The Outer Banks Voice Gives an Opening Night Review of the 86th Season:
The opening night review is in! Kip Tabb, writer for The Outer Banks Voice, gave a candid and delightful review of this year’s performance. Read the full article below.
Curtain rose for 86th season on June 2
The 2023 version of The Lost Colony offers a great night of theater under the stars. The special effects are compelling; the pacing of the play is brisk but keeps the story line intact; and there is not a weak link among the actors.
There is something for everyone in this year’s play. The choreography is superb. Imani Joseph, reprising her role from last year as the Troubadour Dancer, is a highlight of the play and is mesmerizing in her performance.
The fight scenes are very well done. The sword fight between Simon Fernando (Benedetto Robinson) and John Borden (Luke Stage) in particular stood out. It was during the sword fight that Anais Dare’s pledge to always have Borden’s back is confirmed as he comes to the aid of his friend and, unknown to him, a rival for the affections of his wife, Eleanor (Mckenzie Troyer).
The musical performances overall were excellent. Our Song, performed by Olyvia Gregg, Katie Smith and Simone Gutierrez truly stood out. Their voices blended perfectly and the song itself helped to explain their hopes and dreams in the New World.
Perhaps most importantly, Paul Green’s 1937 play has been updated. While Green was a master at blending character development and plot to create the storyline, the play desperately needed updating in the pacing of that plot and in how a number of the characters were depicted.
Not all of the updating worked. Eleanor Dare was presented as too much of a 21st Century woman. She has been a strong character in the play, but she now seems so outspoken about the role women should have in the colony, and about their place in society, that it seems inconsistent with 16th Century mores. That is not a criticism of Troyer’s performance, which was wonderful, rather noting a characterization that seems inconsistent.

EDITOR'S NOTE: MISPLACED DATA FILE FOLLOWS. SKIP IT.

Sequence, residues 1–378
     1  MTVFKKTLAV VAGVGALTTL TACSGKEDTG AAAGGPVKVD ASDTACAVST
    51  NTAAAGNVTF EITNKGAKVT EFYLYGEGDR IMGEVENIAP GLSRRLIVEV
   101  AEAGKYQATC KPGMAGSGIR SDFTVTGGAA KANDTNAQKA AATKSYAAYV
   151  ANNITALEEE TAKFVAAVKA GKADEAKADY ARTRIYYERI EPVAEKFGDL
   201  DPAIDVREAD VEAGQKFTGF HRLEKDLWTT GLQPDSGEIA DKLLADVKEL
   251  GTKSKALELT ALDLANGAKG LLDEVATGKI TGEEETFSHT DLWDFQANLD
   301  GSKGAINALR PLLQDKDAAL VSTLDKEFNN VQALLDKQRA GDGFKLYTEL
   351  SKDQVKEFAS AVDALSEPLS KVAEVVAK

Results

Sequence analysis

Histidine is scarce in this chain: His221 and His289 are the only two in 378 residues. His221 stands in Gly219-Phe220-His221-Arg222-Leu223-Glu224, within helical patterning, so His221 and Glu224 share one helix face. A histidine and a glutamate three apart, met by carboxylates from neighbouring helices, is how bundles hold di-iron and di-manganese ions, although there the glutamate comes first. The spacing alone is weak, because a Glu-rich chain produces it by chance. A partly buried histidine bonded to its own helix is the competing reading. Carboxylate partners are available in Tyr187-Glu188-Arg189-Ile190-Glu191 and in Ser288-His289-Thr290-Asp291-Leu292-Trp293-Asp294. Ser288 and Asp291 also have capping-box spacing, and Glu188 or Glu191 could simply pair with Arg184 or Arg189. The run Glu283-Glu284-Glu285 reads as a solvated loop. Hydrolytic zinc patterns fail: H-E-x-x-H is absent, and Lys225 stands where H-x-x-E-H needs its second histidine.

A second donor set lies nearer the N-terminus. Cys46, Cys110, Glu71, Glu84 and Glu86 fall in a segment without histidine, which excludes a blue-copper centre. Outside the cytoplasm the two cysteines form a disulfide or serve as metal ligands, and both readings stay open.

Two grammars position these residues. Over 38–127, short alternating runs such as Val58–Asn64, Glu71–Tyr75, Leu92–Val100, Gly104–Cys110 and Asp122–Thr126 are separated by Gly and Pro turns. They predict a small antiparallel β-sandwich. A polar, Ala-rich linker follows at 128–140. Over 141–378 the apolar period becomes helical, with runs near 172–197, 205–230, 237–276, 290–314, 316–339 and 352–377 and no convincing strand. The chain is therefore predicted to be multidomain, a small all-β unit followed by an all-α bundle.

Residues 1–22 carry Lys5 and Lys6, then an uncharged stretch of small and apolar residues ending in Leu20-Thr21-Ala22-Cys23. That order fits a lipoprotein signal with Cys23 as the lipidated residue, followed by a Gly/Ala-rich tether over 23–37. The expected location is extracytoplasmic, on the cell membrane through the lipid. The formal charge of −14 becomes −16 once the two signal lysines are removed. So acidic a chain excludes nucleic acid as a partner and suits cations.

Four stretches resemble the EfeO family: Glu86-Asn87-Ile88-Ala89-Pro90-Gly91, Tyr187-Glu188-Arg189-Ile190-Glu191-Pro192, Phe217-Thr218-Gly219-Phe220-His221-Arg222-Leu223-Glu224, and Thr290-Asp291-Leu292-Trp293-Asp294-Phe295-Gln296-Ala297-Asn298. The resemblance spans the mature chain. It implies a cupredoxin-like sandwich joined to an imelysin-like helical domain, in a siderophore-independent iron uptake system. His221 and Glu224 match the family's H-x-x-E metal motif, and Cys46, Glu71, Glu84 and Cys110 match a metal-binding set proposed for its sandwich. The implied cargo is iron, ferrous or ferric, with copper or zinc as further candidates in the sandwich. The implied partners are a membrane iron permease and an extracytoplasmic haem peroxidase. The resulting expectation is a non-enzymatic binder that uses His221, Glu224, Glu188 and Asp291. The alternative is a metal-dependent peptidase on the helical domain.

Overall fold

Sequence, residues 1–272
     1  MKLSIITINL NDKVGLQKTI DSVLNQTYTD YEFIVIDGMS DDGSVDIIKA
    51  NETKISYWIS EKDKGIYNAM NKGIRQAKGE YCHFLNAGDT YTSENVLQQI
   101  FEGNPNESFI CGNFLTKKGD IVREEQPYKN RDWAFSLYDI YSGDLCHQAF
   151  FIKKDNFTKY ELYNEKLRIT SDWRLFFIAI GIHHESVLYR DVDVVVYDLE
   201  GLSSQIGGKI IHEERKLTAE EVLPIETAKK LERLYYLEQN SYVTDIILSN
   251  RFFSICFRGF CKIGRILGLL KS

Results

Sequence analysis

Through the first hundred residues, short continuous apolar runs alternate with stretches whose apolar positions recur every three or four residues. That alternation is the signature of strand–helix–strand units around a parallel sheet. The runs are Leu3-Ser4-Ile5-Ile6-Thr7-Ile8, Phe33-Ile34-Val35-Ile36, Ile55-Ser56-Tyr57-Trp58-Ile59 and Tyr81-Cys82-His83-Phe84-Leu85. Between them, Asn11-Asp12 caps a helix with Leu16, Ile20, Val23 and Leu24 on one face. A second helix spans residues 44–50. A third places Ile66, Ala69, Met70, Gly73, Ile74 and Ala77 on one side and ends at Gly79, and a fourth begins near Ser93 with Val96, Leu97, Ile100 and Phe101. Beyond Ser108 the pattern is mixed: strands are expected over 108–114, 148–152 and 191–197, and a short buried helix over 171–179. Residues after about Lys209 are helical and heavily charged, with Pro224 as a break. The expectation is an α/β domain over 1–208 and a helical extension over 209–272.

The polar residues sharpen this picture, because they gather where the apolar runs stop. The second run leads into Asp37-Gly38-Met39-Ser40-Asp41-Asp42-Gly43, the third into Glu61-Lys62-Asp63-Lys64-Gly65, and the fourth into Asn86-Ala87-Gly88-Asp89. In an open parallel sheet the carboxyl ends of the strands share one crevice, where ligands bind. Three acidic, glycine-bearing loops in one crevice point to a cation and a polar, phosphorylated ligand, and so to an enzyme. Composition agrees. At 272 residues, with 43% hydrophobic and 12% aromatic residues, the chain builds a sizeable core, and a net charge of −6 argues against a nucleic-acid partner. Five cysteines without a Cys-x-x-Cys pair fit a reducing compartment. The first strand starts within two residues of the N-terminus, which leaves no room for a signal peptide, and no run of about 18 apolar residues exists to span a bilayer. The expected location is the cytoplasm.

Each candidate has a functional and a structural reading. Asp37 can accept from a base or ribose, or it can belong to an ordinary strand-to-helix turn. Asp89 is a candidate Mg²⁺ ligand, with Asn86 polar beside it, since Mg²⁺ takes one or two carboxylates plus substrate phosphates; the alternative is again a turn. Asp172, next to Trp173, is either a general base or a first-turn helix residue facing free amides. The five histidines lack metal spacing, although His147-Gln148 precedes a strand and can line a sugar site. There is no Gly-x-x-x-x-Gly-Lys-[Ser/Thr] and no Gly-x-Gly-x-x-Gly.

Significantly though, the racist depictions of the Native American peoples in the original script have been revised. The principal parts of the Roanoke and Croatan tribes are played by indigenous peoples, primarily from the Lumbee Tribe.
No longer do they speak in simplified English, and from the outset, it is clear from the interaction with the English when they first arrive on Roanoke Island that the native peoples are a sovereign nation and that they have a king—King Wingina (Cam Bryant).
The interaction between John White, played by local actor Stuart Parks, establishes that the two leaders share a vision of peaceful coexistence, and perhaps even a friendship. It is Wingina’s decision to send Manteo (Nakya Leviner) and Wanchese (Ethan Oxendine) to England, hoping that by learning the language and customs of the English, his people would be better able to coexist.
It is there that Manteo and Wanchese meet Queen Elizabeth I ((Libby Otos) in all her opulent glory.
While Wanchese and Manteo are in England, Elizabeth sends 100 men under the command of Captain Ralph Lane (Aaron Coleman) to establish a foothold in the New World.
The depiction of Lane in the 2023 play is an improvement over the ineffectual court fop presented last year. In this portrayal, Lane is seen as a social climber who will do anything to advance himself. If he has to kill Wingina to make himself seem strong and willful, he will not hesitate.